We were away for a few days last weekend, and when we came home we were greeted at the kitchen door by a most unpleasant smell. While this isn’t fun at the best of times, tired, cold, hungry and covered in mud is definitely a lot less fun.
We’d taken the bin out before we went away, so I knew it wasn’t that, but in a compact kitchen, it can be tough to find the source of offence.
Here are three easy ways to keep your kitchen odour free:
1) Keep it small
It being your rubbish bin, your compost pot, or your vegetable bowl. Obviously a large bin is going to keep rotting stuff in your kitchen for longer, so having a small bin forces you to take it out more often. This prevents the gross breakdown of food stuff too, so you’re less likely to have leaky juices gathering in the bottom of your bin too.
If you do food recycling, this is another area a small box inside is a much better idea. It can then be emptied into a larger bin outside on a regular basis.
If you have a small-ish vegetable drawer or bowl, you use up what’s in it much more regularly than if you have a big bowl, meaning there’s less chance of something lurking at the bottom, unseen, growing fur.
You are talking about your kitchen here, so you don’t want to cover germs with chemical cleaners.
Rather use bicarbonate of soda (baking soda), lemon juice and vinegar as regular cleaners in your kitchen. They don’t just mask the smell, they absorb it or cut through it, leaving everything clean, germ free and scent free (well, the lemon might leave a lemony, fresh aroma, but the rest dissipates really quickly.)
A box of baking soda in the fridge will absorb remnant smells (i.e. it won’t remove a rotten smell while the rotten thing is still in the fridge, but once out, it will absorb the smell that would otherwise linger a while).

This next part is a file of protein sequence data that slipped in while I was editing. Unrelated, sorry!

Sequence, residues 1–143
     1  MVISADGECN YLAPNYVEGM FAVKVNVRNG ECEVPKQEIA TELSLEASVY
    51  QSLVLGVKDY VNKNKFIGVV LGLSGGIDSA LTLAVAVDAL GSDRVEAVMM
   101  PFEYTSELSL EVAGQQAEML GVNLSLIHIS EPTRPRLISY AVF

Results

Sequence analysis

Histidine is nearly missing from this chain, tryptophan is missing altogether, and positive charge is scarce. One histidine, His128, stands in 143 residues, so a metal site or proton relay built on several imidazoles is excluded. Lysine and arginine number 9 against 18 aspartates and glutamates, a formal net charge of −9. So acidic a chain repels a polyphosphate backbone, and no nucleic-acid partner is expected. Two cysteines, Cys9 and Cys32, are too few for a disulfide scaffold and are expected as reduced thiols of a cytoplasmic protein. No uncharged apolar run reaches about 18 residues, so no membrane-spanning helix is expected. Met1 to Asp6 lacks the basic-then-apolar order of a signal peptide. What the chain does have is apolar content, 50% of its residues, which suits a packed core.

Boiling vinegar on the stove will cut through the smell of curry. While the curry would draw into the wood in your kitchen, the vinegar won’t.
Everything needs cleaning from time to time, whether it’s a cheapy wooden bread box or a Brabantia brushed steel bin, a frost free freezer or a top of the range cooker.
3) Do the occasional deep clean
You can scrub your counters and floors, and have appliances and accessories full of every type of cleaning cocktail imaginable, but sometimes you just have to put your washing machine and dishwasher through cleaning cycles (use vinegar) and clean out the cutlery drawers. Sometimes you just have to wipe out the fridge, Flylady the sink, give the bin a shower, and spray some essential oil in the room.
And sometimes, you just have to look under the counter, to where one of your kids dropped and left an apple a week ago, and hope to goodness you’ll someday forget the feeling of it disintegrating in your hand as you grope around on all fours trying to locate the sweet stench of rot! Gross.